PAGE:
Carrying a heavy pack on your back you climb the seemingly endless winding path upwards. You are out of breath, and at every step your pack seems to get heavier. Each breath you take falls into a rhythm with your heart beat. You turn around and look back. Far below you catch sight of the flat grassy spot where your tent stood just that morning and you ate breakfast. As a light drizzle begins to fall, you notice the black clouds and begin to walk faster. A sparrow darts in front of you with a wild cry, and behind it comes a bird of prey. Life depends on a single extra flap of the wing. The final few steps, a final effort, and suddenly you emerge on a flat meadow. All around you are colorful flowers. You are in a world of enchantment. You long to just stretch out on the ground, but your goal is not far now. First you hear the rippling sound of a small stream and then a huge blue lake appears before you like an enormous emerald hidden amongst tall wild peaks. Your wonderment quickly makes way for panic. Claps of
thunder shake the sky, and rain buckets down.
Reclining in your tent, a cup of coffee in hand, you watch the rainfall drumming on the lake. Safe from the elements, thoughts run through your head. Human beings have always had to battle with nature, finding new solutions to each problem encountered. The greatest struggle for survival took place during the ice ages, in a ruthless battle in which the odds were against mankind. Yet they managed to come out of it alive. In time the climate warmed, and the glaciers retreated, only to move downwards again in cold periods, reaching right into the valleys. In the course of this movement to and fro, the glaciers scraped and ground the valley floors like gigantic files, and dug out the plateaus into bowls of all shapes and sizes. Valleys were gradually eroded into troughs, and the bowls filled with water to form glacier lakes. Water from these lakes flowed down through the glacier valleys, and human settlements were established on their gouged-out floors.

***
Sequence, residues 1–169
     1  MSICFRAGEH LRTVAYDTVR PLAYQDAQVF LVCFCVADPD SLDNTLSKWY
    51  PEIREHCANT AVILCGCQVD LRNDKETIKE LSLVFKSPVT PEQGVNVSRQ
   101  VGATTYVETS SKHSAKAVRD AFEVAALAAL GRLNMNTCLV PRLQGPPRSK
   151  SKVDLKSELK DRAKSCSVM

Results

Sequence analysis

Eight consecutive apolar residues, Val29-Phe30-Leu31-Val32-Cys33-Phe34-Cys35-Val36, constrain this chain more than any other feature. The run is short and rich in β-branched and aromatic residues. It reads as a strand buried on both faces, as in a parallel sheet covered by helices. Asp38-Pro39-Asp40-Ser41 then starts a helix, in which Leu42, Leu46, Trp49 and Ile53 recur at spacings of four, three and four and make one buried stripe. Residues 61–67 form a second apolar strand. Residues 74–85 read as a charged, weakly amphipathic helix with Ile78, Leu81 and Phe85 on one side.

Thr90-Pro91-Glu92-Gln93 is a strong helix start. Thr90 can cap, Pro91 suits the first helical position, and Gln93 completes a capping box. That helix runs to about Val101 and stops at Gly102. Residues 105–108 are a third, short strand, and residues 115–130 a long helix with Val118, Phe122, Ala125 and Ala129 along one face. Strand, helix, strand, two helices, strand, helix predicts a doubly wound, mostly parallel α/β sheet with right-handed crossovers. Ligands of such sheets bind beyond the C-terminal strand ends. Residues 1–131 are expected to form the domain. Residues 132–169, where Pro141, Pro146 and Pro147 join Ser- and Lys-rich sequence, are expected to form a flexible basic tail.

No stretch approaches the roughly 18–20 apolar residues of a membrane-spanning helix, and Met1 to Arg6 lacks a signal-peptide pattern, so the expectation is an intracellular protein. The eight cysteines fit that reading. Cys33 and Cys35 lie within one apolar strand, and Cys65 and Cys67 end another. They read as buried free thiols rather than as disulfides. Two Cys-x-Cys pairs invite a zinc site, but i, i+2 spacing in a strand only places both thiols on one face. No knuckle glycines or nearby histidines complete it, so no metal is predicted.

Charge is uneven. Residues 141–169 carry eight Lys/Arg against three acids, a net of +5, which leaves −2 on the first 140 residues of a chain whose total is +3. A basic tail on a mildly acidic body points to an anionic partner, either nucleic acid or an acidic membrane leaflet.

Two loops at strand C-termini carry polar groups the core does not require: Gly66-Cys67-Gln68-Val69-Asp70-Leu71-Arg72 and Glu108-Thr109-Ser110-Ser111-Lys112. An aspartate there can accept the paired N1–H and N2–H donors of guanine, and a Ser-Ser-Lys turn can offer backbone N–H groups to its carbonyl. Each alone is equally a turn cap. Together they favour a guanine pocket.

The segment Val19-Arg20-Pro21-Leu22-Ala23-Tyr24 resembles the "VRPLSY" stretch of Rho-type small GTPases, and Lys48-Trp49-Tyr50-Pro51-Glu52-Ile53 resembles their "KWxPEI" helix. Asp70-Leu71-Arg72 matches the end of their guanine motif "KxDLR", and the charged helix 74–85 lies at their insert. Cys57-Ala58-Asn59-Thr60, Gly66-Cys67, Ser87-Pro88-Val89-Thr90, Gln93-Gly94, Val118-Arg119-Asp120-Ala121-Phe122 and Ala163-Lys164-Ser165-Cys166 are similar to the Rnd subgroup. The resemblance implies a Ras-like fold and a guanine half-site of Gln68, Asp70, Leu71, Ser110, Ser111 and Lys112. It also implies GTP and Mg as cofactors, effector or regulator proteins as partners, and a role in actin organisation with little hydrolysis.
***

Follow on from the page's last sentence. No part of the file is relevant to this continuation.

Small streams flowing from glacier lakes converged to form larger streams, which in turn converged again to form great rivers. Their banks became home to civilizations founded by people in search of water and fertile soil. Thus, glaciers and glacier lakes became an inseparable part of human life. All over the world glacier lakes are to be found in high mountains. In Turkey they are to be found in the mountains of the Eastern Black Sea, Toros, Cilo, Munzur and other ranges, along with glaciers and innumerable glacier valleys. On the summit of Mount Suphan in eastern Turkey is a glacier lake that sometimes dries up completely in summer. At over 4000 meters, this is the highest glacier lake in Turkey.
The Kackar Mountains of the Eastern Black Sea region are full of glacier lakes, created by the Greater, Lesser, and Southern glaciers remaining from the last ice age, and by many small glaciers on their northern slopes. These lakes water the entire region. They are the source of the Kavran, Ceymakcur, Palakcur, Avacur, and Kackar rivers, each of which flows through a broad glacier valley, and converging with streams from Vercenik form the fierce torrent of the Firtina River. To the south the Davali, Buyukcay, and Bulut rivers join those from Mount Altiparmak to form the Barhal River, which is the main source of the great Coruh River. Seeking out glacier lakes is a fascinating journey through geological and human time, revealing nature at its most remote and spectacular.
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